9. Good point - alcohol starts getting absorbed very early
It's just a little molecule and can even be absorbed through the skin. It starts being absorbed in the mouth and enters the blood every step along the way. It is pretty much gone before it can reach the large intestine.
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Phlem Donating Member (580 posts) Send PM | Profile | Ignore Mon Feb-22-10 01:27 PM
Response to Original message
6. My biological dad died
from drinking to much Vodka, his drink of choice. Apparently He had to have surgeries to take out parts of his small intestine that was ruined from it and he eventually died cause wouldn't stop drinking.
I have been drinking beer a good portion of my life and sometime after 30 I started to get the symptoms you've described. Now 43 I know it does something to your stomach that's not so good. Cause if I drink about4 to 5 beers a night for about a week, I have the runs, my stomach feels bloated, and no matter what I eat I don't feel like I'm getting the nutrition in my system. I quit for a week and I feel great. I've decided to really cut back these days and only have a brew once or twice a week. Even then I still get stomach issues.

Be careful Bro, life's more important than a drink and if your not careful, you'll not remember any of it, especially the good parts.

-p
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Stephanie Donating Member (1000+ posts) Send PM | Profile | Ignore Sun Feb-28-10 10:15 AM
Response to Reply #6
17. Sounds like gluten intolerance
Look it up, people with gluten intolerance can't drink beer.
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trotsky Donating Member (1000+ posts) Send PM | Profile | Ignore Mon Mar-01-10 09:21 AM
Response to Reply #17
18. There is no gluten in distilled liquors like vodka.
Beer, of course, is not distilled and retains gluten proteins from the grains used to produce it.
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Phlem Donating Member (580 posts) Send PM | Profile | Ignore Mon Feb-22-10 01:30 PM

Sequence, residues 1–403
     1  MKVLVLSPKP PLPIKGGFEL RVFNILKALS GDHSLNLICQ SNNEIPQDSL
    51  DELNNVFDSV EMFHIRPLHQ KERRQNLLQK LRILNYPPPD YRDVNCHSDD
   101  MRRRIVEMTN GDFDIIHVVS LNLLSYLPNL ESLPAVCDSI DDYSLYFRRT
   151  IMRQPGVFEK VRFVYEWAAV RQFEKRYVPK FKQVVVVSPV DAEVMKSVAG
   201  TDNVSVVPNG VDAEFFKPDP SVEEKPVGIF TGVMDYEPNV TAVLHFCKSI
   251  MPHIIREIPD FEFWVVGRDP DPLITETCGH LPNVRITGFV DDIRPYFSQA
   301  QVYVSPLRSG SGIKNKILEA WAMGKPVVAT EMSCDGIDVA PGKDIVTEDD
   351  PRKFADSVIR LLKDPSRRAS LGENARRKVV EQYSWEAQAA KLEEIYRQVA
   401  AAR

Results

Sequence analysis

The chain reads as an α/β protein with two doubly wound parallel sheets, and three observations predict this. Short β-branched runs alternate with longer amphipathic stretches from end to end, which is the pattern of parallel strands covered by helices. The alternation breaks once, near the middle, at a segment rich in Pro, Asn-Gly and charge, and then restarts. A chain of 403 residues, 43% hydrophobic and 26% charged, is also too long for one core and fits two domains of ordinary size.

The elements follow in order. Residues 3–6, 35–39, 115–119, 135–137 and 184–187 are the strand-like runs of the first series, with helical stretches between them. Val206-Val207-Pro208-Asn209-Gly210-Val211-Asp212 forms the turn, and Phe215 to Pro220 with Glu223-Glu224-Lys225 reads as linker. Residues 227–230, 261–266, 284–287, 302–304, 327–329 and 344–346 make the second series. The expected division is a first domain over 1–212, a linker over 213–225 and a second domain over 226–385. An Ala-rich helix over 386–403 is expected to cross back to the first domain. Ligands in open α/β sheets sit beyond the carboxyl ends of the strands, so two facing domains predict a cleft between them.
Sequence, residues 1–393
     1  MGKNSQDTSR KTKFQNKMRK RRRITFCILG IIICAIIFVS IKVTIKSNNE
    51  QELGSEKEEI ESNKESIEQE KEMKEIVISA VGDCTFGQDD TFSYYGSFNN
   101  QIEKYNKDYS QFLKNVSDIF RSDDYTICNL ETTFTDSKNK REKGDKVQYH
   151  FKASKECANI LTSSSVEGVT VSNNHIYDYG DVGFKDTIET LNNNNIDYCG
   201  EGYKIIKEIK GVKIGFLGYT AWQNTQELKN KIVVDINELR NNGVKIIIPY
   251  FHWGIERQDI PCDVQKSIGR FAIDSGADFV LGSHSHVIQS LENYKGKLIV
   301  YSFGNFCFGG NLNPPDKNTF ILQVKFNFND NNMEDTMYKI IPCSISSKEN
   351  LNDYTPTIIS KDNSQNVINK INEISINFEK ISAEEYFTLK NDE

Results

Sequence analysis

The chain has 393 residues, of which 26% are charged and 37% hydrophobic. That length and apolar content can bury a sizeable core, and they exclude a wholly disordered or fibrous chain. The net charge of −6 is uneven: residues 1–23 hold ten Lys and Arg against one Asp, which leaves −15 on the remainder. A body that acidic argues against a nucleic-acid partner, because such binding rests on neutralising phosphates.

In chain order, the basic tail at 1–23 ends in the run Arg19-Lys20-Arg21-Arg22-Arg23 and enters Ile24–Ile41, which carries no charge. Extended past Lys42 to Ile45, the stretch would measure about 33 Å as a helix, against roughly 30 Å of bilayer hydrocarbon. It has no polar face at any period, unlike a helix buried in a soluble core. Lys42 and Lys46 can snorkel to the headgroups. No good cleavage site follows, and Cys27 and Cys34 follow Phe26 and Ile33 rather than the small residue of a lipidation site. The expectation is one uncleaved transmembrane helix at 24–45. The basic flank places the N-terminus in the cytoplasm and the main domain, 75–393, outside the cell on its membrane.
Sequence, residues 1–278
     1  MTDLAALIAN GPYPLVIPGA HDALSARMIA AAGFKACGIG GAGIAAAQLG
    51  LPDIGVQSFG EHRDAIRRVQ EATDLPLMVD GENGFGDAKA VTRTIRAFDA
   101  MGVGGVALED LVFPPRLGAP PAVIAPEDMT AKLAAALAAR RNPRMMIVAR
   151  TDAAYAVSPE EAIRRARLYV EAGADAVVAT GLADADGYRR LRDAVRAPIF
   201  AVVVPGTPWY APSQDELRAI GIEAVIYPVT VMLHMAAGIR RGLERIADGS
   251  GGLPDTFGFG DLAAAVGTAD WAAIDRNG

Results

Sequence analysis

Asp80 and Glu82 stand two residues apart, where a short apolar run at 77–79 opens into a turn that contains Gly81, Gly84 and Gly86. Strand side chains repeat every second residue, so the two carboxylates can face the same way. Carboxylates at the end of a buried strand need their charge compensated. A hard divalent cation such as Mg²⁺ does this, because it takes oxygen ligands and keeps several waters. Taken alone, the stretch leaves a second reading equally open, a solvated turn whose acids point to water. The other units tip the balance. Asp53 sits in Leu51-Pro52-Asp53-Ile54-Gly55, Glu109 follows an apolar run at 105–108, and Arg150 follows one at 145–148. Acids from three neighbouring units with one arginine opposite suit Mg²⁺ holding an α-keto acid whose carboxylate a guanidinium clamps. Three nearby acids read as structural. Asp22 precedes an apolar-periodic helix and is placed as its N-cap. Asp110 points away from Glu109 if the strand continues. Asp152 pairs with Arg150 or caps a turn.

Response to Original message
7. PS
Yes I do eat yogurt, Activa or any brand that have extra beneficial bacteria for my stomach and the crappy feeling goes away faster, also lots of gatorade and water afterward and a nice long break will get ya feeling good again.

-p
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demosincebirth Donating Member (1000+ posts) Send PM | Profile | Ignore Mon Feb-22-10 03:29 PM
Response to Original message
8. I thought the liver metabolizes alcohol and makes OK...except for the liver, I guess
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Chemisse Donating Member (1000+ posts) Send PM | Profile | Ignore Mon Feb-22-10 10:12 PM
Response to Reply #8
10. The liver does metabolize alcohol
But the reaction alters the pathways in the liver, by tying up some important chemicals and overproducing others. While it saves you from having deadly levels of alcohol allowed into your blood, it damages the liver in the process.
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Fire_Medic_Dave Donating Member (1000+ posts) Send PM | Profile | Ignore Tue Feb-23-10 04:14 PM
Response to Reply #10
11. You should probably clarify at what levels you are referring to.
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Chemisse Donating Member (1000+ posts) Send PM | Profile | Ignore Tue Feb-23-10 05:56 PM
Response to Reply #11
12. At what levels? Not sure if this is what you mean, but:
Edited on Tue Feb-23-10 05:57 PM by Chemisse
These reactions all occur at the cellular level inside the liver.

The liver is really quite awesome and complex.
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Fire_Medic_Dave Donating Member (1000+ posts) Send PM | Profile | Ignore Tue Feb-23-10 06:58 PM
Response to Reply #12
13. So you are saying that any amount of alcohol damages the liver?
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Chemisse Donating Member (1000+ posts) Send PM | Profile | Ignore Wed Feb-24-10 06:24 AM
Response to Reply #13
14. Ahhhh, so that's what you are talking about
No, and I should not have implied that if I did. The liver is designed to detoxify substances. When you drink alcohol, it does what it is supposed to do. It can accommodate increases in NADH and acetaldehyde, to a degree. But it can't sustain that action without damage when the person ingests a substantial amount of alcohol over a period of time.
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Fire_Medic_Dave Donating Member (1000+ posts) Send PM | Profile | Ignore Wed Feb-24-10 10:12 AM
Response to Reply #14
15. Thanks for clearing that up.